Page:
KARL MOORE – This is Karl Moore of the Desautels Faculty of Management at McGill University, with Talking Management for The Globe and Mail. Today I am delighted to be speaking with Tarun Khanna who is a professor at the Harvard Business School and the director of Harvard's South Asia Initiative.
TARUN KHANNA – Good afternoon, Karl. It's nice to be here.
KM – When we look at it, what we have seen is a big shift in the last couple of years of the change in the role of government. How do you see the role of government changing, especially in the emerging economies?
TK – I think governments are coming to terms in a broad sweeping sense with a lot of citizen angst. You have seen this, of course, most famously play out as the Arab Spring. You have also seen dissent with the Sichuan earthquake, the milk contamination scandals from China and a bunch of other issues, worries about monopolizations of economic rents in China, a lot of protests against corruption at all levels of government and in society in general in India, and on and on. You have also seen angst, for instance, in Africans acting out against a so-called "Colonializing Chinese" as the Chinese investment to Africa ramps up quite a bit.
So at all levels there is an issue of whether the fruits of globalization, such as they were, are being adequately shared with the populous at large. Unsurprisingly, since you and I and everyone else are completely committed to Democracy, it is hard to disagree with the notion that those fruits of progress ought to be somehow disseminated. Yet, all the studies seem to show that the levels of income, wealth and equality are rising quite dramatically as countries open up to the rest of the world and that has been a process that has been going on for the last 20 to 30 years. So governments, of course, are the ultimate stewards of this process, or are meant to be the stewards of the process, and charged to be so by the citizenry at large for the most part, except the autocracies, and they are realizing that they better do something about it. That in turn is acting out in a variety of different ways.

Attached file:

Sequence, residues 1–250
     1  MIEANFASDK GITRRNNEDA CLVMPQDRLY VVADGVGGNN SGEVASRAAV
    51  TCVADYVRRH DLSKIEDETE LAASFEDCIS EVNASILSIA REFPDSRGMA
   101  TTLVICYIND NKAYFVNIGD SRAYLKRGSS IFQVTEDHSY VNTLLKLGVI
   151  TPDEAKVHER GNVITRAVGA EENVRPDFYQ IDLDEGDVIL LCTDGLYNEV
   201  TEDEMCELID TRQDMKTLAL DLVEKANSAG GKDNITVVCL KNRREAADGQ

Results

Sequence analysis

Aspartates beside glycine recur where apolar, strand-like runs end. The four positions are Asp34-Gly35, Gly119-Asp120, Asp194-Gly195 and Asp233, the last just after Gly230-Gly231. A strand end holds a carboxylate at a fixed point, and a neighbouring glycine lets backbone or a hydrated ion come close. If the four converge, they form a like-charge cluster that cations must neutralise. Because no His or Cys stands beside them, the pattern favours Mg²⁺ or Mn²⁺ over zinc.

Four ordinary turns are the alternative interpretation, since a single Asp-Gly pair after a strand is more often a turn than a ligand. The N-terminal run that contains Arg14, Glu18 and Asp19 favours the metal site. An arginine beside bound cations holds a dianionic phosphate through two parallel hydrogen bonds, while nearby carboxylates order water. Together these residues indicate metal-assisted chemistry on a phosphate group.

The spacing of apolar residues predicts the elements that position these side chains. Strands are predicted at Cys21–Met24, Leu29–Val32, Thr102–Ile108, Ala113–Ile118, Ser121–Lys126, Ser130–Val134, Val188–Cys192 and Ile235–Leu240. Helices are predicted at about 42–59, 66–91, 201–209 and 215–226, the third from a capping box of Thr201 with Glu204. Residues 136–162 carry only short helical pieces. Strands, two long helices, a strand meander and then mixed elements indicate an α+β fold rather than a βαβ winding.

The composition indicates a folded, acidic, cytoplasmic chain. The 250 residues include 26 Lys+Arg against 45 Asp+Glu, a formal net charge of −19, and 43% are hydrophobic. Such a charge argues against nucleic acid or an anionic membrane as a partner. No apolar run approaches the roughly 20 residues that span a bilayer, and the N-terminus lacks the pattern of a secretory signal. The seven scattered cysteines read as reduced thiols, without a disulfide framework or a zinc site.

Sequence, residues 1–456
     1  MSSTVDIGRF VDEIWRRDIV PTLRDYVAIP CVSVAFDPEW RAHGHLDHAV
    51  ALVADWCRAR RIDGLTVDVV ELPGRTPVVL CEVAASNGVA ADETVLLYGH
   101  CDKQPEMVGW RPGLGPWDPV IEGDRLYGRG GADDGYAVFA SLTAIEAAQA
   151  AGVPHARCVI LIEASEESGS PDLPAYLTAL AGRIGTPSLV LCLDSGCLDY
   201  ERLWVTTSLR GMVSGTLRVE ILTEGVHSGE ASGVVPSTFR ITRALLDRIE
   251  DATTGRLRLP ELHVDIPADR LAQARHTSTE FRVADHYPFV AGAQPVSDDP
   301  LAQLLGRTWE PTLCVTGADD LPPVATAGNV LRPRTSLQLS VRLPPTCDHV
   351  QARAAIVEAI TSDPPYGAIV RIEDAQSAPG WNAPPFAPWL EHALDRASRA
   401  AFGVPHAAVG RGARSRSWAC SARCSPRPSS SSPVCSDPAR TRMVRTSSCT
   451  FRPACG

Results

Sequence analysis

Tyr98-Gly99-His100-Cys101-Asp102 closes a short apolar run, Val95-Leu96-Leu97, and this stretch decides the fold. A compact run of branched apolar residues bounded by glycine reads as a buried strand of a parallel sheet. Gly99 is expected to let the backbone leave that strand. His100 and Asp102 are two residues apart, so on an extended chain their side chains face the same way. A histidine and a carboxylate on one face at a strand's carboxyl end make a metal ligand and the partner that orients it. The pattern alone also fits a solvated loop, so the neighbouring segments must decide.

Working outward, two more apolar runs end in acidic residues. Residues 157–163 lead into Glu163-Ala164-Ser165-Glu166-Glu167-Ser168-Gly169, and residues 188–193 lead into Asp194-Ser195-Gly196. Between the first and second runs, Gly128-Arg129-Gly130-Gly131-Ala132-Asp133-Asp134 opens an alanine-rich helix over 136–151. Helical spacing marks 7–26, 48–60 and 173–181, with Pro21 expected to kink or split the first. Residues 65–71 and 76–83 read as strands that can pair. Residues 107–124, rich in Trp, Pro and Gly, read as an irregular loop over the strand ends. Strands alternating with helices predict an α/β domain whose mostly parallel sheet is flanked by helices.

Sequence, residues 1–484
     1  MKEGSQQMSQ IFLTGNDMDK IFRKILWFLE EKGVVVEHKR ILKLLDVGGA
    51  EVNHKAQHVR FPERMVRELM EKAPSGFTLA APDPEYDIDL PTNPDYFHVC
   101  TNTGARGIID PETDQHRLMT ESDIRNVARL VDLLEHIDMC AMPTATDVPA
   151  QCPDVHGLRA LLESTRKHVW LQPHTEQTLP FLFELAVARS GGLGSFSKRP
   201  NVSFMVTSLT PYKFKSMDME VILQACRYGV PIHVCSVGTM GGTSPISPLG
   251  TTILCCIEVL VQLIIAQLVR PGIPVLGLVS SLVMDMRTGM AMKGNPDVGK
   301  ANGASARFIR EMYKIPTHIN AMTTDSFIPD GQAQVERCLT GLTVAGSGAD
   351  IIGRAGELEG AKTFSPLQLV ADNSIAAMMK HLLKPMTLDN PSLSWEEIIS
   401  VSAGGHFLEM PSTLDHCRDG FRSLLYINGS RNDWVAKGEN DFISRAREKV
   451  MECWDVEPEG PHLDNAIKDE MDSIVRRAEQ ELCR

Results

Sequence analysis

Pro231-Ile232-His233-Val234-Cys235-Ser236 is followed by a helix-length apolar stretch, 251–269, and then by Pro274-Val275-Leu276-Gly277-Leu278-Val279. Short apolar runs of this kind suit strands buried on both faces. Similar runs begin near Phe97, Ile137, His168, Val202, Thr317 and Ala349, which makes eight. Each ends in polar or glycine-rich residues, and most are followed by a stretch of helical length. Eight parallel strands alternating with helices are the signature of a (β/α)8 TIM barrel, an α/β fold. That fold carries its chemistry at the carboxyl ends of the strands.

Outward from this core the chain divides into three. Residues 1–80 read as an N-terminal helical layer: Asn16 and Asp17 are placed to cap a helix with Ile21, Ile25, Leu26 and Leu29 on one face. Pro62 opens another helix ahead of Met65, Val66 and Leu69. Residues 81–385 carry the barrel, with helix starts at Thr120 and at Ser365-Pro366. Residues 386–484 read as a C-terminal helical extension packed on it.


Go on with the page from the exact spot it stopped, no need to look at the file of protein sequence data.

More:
KM – So what should governments be doing better?
TK – I think governments should be much more inclusive in their policymaking. In other words they should be responsive to the needs of a broader swath of society and go the extra many miles, as the case might be, to make sure that policymaking is not the province of the select few, which is how things end up usually happening by the natural course of things -- unfortunately it's just how we seem to be wired as human beings.
A second thing I think that governments could do better is to get talent from wherever it is possible to get talent. So I will take the example of my own country, India, as a country that doesn't necessarily do this very well. India has a noisy political economy, a noisy democracy, which I am very proud of as an Indian but it has this strange phobia to get input from people living outside of India. I can't personally complain because I have never been victimized by this but there are a lot of instances where the Indian Press gets very bent out of shape, or the Indian political classes in response to the press and otherwise become really bent out of shape, about input being provided by a foreign entity or an NGO receiving funding from let's say a foundation that is a global foundation. The criticism is often made that, wow that might somehow compromise the work of that organization or company or foundation in India that might otherwise be doing good work.
On the other side there are some other countries that do this very well. The example that jumps to mind, as I am talking to you Karl, is an example in Chile. Chile has been very forthcoming in saying, "Anybody who is having trouble setting up a business somewhere in the world, why don't you apply to us the Chileans and if you have a good idea then we would love to host you as an entrepreneur in Chile." This, as I understand, came about because of tightening immigration norms in the United States so that a lot of people, particularly in California and other entrepreneurial ecosystems in the U.S., were finding trouble because their visas were expiring and were at a loose end because they were in the middle of building something interesting and generating employment as the case might be. But the U.S. immigration system wasn't able to keep up with it, for a variety of reasons that we don't have to go into, but Chile saw an opportunity and said, "Hey, we are open to the best and brightest." A lot of people from the U.S., Europe, Asia as I understand and of course the rest of Latin America have made a bee-line for Santiago saying, "We can build a business here. Why not?" So I think there with the Indian and Chilean examples you have the bad and the good as the case might be in terms of things that could systemically be done a lot better.